Palliative Care in Undergraduate Medical Education—How Far Have We Come?

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Abstract

Purpose:

There is an increasing demand for quality palliative care teaching within undergraduate medical education. Studies suggest that many junior doctors feel underprepared to perform end-of-life care. Previous systematic reviews on palliative care teaching within medical schools have identified significant variability and lack of consistency in teaching. This review aims to update the literature on the current status of palliative care teaching to undergraduates within medical schools.

Method:

A systematic review was undertaken on articles published from December 2001 to November 2015 on palliative care teaching for undergraduate medical students. In all, 650 abstract citations were obtained, of which 126 were relevant to the research questions. Thematic analysis was performed on remaining articles according to whether they discussed content and/or methodology of palliative care education, and data collated.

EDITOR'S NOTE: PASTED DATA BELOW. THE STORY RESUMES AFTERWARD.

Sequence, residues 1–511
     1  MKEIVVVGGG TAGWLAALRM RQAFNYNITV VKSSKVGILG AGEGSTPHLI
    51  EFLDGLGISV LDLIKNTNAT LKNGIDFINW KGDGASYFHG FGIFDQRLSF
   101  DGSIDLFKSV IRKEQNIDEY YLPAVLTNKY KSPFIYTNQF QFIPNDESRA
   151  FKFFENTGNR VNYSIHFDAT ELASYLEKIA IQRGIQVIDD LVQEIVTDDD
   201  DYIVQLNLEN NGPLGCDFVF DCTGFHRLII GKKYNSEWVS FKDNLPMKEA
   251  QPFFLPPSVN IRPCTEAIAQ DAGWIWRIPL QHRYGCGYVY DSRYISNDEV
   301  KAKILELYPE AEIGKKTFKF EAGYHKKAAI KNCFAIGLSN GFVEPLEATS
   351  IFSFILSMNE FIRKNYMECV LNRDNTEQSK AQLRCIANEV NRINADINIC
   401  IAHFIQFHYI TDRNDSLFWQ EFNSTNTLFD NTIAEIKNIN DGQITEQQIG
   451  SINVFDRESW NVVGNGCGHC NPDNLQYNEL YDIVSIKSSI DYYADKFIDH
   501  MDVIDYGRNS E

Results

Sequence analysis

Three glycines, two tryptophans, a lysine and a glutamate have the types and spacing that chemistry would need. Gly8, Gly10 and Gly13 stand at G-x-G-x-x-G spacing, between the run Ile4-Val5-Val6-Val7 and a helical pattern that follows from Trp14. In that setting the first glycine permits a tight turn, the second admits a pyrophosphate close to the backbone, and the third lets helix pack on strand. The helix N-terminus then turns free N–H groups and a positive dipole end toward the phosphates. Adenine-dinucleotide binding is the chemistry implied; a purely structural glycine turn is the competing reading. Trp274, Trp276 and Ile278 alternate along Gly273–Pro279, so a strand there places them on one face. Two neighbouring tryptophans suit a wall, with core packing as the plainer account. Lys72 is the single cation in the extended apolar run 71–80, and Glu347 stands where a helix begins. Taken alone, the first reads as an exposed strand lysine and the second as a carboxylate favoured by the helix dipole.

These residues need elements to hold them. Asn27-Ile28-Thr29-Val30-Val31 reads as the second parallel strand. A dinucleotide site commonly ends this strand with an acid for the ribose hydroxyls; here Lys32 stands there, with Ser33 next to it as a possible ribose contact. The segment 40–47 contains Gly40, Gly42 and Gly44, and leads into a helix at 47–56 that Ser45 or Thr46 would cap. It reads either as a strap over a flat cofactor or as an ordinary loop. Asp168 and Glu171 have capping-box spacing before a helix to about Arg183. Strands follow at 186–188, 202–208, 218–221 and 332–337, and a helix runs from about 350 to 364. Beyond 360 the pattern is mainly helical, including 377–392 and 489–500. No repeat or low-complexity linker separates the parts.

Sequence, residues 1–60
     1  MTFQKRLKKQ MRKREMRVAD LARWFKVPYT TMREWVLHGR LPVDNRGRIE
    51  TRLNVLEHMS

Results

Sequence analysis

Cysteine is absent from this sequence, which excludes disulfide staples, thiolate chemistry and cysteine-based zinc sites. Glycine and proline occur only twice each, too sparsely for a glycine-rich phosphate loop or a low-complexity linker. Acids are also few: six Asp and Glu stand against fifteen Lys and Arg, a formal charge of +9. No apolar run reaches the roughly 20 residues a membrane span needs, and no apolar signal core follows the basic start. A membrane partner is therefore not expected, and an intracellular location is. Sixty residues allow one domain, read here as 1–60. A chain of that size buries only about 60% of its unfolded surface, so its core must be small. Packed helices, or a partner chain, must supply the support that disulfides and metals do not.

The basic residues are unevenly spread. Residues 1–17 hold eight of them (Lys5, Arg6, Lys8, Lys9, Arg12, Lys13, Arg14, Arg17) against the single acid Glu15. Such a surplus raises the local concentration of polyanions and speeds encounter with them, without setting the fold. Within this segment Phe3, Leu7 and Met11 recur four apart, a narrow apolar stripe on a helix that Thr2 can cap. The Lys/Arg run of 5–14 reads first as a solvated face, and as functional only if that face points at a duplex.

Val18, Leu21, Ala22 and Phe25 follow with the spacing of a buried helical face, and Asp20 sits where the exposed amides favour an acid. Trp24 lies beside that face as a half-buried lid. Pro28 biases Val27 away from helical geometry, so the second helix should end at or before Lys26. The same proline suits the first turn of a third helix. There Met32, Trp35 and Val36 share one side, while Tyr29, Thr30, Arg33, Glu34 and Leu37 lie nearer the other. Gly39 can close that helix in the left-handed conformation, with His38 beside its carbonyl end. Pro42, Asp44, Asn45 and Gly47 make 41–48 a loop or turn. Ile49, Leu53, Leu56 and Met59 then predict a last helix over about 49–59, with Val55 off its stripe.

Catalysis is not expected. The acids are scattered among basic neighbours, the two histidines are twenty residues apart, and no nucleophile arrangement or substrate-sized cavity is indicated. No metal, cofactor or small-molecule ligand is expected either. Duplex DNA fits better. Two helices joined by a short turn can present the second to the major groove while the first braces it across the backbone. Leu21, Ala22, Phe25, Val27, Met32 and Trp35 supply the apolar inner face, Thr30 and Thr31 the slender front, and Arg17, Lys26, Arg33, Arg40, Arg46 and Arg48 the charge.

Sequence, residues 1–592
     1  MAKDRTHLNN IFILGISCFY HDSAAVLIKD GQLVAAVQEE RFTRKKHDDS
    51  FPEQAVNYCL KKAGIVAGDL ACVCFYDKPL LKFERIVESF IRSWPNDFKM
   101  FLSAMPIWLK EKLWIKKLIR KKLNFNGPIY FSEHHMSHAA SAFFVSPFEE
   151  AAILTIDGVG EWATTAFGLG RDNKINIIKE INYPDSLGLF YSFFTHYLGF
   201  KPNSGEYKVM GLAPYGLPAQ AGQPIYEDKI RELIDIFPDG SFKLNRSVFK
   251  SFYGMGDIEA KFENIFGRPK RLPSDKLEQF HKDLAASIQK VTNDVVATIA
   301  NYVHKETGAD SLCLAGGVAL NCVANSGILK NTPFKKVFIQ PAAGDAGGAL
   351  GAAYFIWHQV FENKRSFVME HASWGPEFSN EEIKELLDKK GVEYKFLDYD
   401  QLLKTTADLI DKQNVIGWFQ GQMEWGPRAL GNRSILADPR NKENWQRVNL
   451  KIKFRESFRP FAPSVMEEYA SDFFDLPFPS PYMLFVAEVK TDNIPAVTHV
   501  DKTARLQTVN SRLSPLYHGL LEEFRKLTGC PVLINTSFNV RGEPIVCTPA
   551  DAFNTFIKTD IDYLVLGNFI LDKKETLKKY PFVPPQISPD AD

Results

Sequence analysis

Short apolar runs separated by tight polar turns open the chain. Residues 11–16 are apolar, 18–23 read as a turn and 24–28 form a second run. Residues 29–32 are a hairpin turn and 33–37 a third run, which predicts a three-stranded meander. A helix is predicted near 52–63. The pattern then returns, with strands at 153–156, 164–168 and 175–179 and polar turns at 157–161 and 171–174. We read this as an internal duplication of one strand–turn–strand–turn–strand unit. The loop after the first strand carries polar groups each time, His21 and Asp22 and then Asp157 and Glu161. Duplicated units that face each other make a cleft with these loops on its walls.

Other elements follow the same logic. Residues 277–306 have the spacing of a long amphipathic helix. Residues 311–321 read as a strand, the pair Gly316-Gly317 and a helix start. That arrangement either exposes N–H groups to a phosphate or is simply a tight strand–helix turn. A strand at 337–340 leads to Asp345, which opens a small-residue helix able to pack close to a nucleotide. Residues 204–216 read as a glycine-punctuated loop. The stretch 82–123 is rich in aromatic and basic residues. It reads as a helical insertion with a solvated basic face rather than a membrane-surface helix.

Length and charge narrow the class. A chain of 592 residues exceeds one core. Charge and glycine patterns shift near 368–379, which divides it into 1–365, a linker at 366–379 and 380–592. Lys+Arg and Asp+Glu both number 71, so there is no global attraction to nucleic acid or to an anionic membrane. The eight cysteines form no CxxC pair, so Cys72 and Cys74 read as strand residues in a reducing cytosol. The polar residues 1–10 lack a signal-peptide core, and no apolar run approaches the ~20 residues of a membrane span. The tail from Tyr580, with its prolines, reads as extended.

Results:

There is greater consistency in the content being delivered as part of end-of-life care education within medical schools. The most frequently taught topics include attitudes to death and dying, communication skills, and pain management. Pediatric care and religious/cultural issues are less frequently addressed. Teaching institutions are also utilising a broader range of teaching modalities.

Conclusion:

There is significant progress in palliative care education within medical schools. Ongoing challenges relate to correlating our current practice in medical education to professional recommendations and the expressed needs of junior doctors to practice competent end-of-life care.

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